For many urban apartment dwellers, charging the ZENN would be problematic: You can't plug it in if you're at the mercy of street parking. But even a condo dweller with underground parking would probably only have one spot, and if you only have one spot, do you really want to fill it with a car that can't get on the freeway? Given that Metro buses work pretty wellh for in-city travel, one of the major selling points of having a car in Seattle is to get out of town. But you can't do that with a ZENN, unless you want to spend hours on surface streets.

"Sometimes you just want to go 30," Mayeda says. He acknowledges that the ZENN "isn't for everyone." That's why Mayeda is working with state Rep. Mary Lou Dickerson to get a bill passed that would create a new class of electric vehicles that would be allowed to go 35 mph.

"People felt that at 25, [they're] going to hold up traffic," says Mayeda. "You actually felt safer going 30–35 than you do at 25."

That might make EVs a bit more attractive, but the new class still won't make the cars highway-legal.

Since November, MC Electric—one of only 16 ZENN dealers in the entire U.S.—has sold half a dozen ZENNs. Dave Barclift, Tumwater's superintendent of public works, purchased a ZENN for the city's meter-reading route. But they haven't started using it because it's not tuned up to the 40-mile range.

"Being the first ones to have received one in the state, we're still working on a couple of things," Barclift says.

Even Steve Lough, president of the Seattle Electric Vehicle Association, isn't too charged up about the ZENN.

"I don't think that [NEVs] are ever going to be a big part of the market," he says. "Who's going to use a car like that?"

Lough, a former car dealer who sold converted Renaults in the early '80s and has advocated electric cars ever since, believes it's up to the major manufacturers to drive the revolution forward. The large auto-makers have the experience to make quality vehicles and the capacity to mass produce them at reasonable prices, he says.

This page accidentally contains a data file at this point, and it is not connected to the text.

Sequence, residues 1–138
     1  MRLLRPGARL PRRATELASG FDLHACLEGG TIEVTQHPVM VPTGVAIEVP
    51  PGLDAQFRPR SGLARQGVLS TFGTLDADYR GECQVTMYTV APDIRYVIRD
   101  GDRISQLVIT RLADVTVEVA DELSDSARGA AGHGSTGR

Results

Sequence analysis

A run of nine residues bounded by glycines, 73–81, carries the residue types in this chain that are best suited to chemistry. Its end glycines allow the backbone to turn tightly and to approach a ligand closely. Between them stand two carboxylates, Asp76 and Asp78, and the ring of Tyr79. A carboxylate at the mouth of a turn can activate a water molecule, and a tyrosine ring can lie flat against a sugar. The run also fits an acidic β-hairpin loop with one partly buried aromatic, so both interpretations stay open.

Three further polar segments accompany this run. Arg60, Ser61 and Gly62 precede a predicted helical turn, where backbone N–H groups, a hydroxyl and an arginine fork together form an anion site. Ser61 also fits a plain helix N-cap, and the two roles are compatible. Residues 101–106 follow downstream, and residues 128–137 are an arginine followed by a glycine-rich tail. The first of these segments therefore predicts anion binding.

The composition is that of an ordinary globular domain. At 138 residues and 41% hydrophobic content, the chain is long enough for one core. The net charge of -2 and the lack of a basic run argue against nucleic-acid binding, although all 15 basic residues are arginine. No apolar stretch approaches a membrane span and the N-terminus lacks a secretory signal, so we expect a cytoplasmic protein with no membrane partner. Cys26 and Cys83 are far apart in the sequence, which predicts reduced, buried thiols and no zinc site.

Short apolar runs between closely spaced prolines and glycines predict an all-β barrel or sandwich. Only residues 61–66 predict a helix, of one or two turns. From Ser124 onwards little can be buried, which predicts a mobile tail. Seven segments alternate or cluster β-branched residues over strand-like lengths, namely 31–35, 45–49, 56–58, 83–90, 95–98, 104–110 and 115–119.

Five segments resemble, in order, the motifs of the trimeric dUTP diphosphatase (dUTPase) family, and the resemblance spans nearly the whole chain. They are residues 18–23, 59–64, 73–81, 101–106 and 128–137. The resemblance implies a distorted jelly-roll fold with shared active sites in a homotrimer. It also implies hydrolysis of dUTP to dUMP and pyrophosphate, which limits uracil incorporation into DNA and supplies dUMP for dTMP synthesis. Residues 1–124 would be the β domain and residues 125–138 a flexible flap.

And it looks like that could happen. In January, GM debuted the Chevrolet Volt at the North American International Auto Show in Detroit. Still only a concept car, the hybrid Volt uses a battery pack that can be charged by a gas engine. But if you plug it in at night, and as long as you don't drive farther than 40 miles, the car never uses gas.

So how come GM has suddenly gotten back into the electric-car game after shredding the last of its EV1s in 2005?

"The three factors are global warming, world oil supply, and what we've had to do militarily to hold onto oil—i.e., Iraq," suggests Lough.

Johnson agrees, adding that publicity and education around energy issues have boosted electric-car interest.

"The government is saying we've got to get off our addiction to oil," says Johnson.

And last Tuesday, Ford unveiled a modified Edge that combines hydrogen fuel cell technology and plug-in power. But it could cost millions to build. And GM's electric hybrid isn't expected to be production-worthy for at least another three years.

"The big three [GM, Ford, and Chrysler] are dragging their feet," says Johnson. "They still have their tooling and want to maximize what they're used to manufacturing— gas-powered engines. Plus, they've had a strong alliance with the oil companies [who] have invested a lot of money with the lobbyists and with the government and so on."

Johnson points out that oil companies prefer hydrogen fuel cells—which are years away from viability—because they can tightly manage distribution. But they don't have any control over electrical outlets. Hence, Johnson believes it could be almost a decade before GM and Ford start selling their electric cars.

In the meantime, smaller companies are attempting to re-create what was already there, trying to inject a little consciousness into America's automotive addiction. "We tell people if you can walk, run, ride a bicycle, or bus, do that first," says Johnson. "That makes the most sense. But that's not happening."